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The Walters Prize offers multi-facetted stories, myths and histories

Reviewed by John Daly-Peoples

Sonya Lacey “Weekend”

The Walters Prize 2021

Auckland Art Gallery

Until September 5

Reviewed by John Daly-Peoples

This year is the tenth Walters Prize exhibition showing a range of contemporary art practices with work  by  Fiona Amundsen, Sonya Lacey, the Mata Aho Collective and Sriwhana Spong,

All the works are tell multi-facetted stories, myths and histories linked to investigations by the artists, so they become a mixture of autobiographical and biographical.

Fiona Amundsen’s “A Body that Lives” employs film and photography focusing on several aspects of the Pacific War, bringing together declassified archival footage, witness testimonies and documentary footage shot in various locations.

The work focuses on the both the Japanese and American experience of the war. The images of  destruction – a map of the devastation of Tokyo, planes strafing installations and on bombing raids, American forces using flame throwers are contrasted with the peaceful Cowra  Japanese Memorial Gardens in regional New South Wales,

While there are images of the horror of the  war the exhibition provides little history  condensing it down to the memories of four personal experience including an American war veteran, a Japanese anti-war activist and  memories of the 1945 Battle of Okinawa.

Dominating the exhibition is an interview with Mr Teruo Murakami, a survivor of the 1944 ‘Cowra Breakout’, when one thousand Japanese prisoners of war attempted to escape from the Cowra prisoner of war camp.

His head  moves in and out of the closely cropped frame as he remembers the event, his disjointed memories echoed by the fragmented images of the war on the various screens .

Sonia Lacey’s “Weekend” uses collage, video, film and sculptural forms to animate her  research into the history and social aspirations of the St Bride Foundation in London which was established in the late nineteenth century to provide leisure facilities including an indoor pool to better the lives of newspaper workers of nearby Fleet St.  Some of the works conflates ideas around newspapers and the notions of memory contained in newspapers.

The space she creates  is intended to provide the dimensions of the pool and its structure with the bath’s steps providing a viewing platform for the major element of  the exhibition which features a slowly evolving site of abstract images referencing the  murky waters of the baths.

This mesmerizing cinematic panorama of images seems more like satellite images of Earth with continually unfolding landscapes and the changing textures of the land – rural areas, the course of rivers, the ridges of hills, as well as the occasional scudding cloud.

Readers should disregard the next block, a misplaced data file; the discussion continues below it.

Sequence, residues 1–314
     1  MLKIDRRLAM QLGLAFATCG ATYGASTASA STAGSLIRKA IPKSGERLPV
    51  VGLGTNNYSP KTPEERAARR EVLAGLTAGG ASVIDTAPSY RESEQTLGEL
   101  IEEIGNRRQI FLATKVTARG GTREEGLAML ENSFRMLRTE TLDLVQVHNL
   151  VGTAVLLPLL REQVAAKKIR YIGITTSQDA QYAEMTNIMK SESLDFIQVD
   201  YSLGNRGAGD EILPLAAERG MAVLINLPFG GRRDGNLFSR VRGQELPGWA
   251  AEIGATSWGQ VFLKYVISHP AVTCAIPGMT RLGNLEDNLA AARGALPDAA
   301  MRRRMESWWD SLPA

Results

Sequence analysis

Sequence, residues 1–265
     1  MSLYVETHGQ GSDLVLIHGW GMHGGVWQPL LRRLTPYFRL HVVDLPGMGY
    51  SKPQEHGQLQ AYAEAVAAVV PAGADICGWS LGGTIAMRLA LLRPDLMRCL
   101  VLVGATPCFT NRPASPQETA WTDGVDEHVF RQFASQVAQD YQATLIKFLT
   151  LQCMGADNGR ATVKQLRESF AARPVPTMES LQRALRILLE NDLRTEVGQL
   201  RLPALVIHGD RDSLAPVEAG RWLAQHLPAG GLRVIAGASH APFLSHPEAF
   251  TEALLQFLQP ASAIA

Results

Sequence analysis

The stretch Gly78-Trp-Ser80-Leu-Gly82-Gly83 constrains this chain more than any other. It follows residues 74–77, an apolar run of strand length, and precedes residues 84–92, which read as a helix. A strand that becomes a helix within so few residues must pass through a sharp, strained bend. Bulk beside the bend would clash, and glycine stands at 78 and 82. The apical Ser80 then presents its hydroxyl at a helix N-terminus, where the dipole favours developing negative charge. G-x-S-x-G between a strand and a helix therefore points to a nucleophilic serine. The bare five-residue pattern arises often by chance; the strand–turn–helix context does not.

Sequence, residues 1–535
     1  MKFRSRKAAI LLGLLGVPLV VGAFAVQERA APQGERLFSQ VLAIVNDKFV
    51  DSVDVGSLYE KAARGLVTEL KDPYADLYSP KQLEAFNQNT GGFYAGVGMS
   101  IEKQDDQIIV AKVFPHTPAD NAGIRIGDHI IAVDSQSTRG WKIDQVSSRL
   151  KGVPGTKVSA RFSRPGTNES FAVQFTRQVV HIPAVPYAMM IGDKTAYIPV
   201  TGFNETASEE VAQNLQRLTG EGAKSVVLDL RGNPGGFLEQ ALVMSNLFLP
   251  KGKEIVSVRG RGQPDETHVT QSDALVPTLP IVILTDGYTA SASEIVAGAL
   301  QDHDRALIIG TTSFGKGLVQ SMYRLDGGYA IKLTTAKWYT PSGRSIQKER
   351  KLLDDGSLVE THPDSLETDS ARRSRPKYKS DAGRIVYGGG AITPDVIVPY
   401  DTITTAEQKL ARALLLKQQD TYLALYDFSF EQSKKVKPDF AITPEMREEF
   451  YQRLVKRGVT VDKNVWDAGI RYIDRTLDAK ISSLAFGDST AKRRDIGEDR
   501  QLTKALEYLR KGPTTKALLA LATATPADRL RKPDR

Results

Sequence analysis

The Mata Aho Collective’s work “Atapō” was co-created with Maureen Lander and originally included in  Toi Tū Toi Ora: Contemporary Maori Art.

As with many mythologies, death and the afterlife are the realms of gods who are often in conflict or have ambivalent roles.  Mata Aho have developed their work around the story of Hine-Titama, the incestuous  daughter of Tane who journeyed to the Underworld to become Hine-nui-te-po  , the Goddess of Death and Darkness.

The ideas around death, transformation and new life are paralleled in various other mythologies and notions such as the Greek myth of human lives being woven by The Fates. In a sense the members of the collective have become  latter day versions of these Fates.

Mata Aho Collective, Atapo

The large Hine-nui-te-po consists of multiple layers of fabric as through on a giant weaving loom with small inserts of colour woven into the fabric marking out the passage of time.

With the brighter Hine-Titama seen through the dark folds of Hine-nui-te-po there is a link between the two works and they become a metaphor for the transition between life and death, between myth and reality, between dream and illusion.

Sriwhana Spong’s “The Painter-Tailer”  centres around the home of her paternal Balinese grandfather who was also an artist. This makes the work both biographical and  autobiographical combining both the artist’s world and that of her grandfather. As well as visual art elements there are many musical  and audio components linking East and West  The installation includes the artists own work, video of her grandfather’s art along with  Spong’s  several sculptural instruments inspired by the Indonesian gamelan.  There is a further musical reference in the fabric works made by the artist which uses the coat tails of a conductor’s formal suit.

There will be a performance in the Sriwhana Spong space utilising her personal orchestra each month with the first confirmed performance date on Saturday, 19 June.

The Walters Prize will be judged later this year by Kate Fowle, director of Moma PS1 in New York with the winning artist announced at the Walters Prize award dinner to be held in the Gallery on Saturday 7 August.

By johndpart

Arts reviewer for thirty years with the National Business Review

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